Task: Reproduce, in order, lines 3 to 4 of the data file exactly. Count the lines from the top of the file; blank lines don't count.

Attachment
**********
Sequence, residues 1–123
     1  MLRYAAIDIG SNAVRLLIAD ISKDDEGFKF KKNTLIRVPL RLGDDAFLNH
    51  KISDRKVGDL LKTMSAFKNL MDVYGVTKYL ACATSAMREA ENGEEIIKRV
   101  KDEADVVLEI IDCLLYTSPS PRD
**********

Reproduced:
    51  KISDRKVGDL LKTMSAFKNL MDVYGVTKYL ACATSAMREA ENGEEIIKRV
   101  KDEADVVLEI IDCLLYTSPS PRD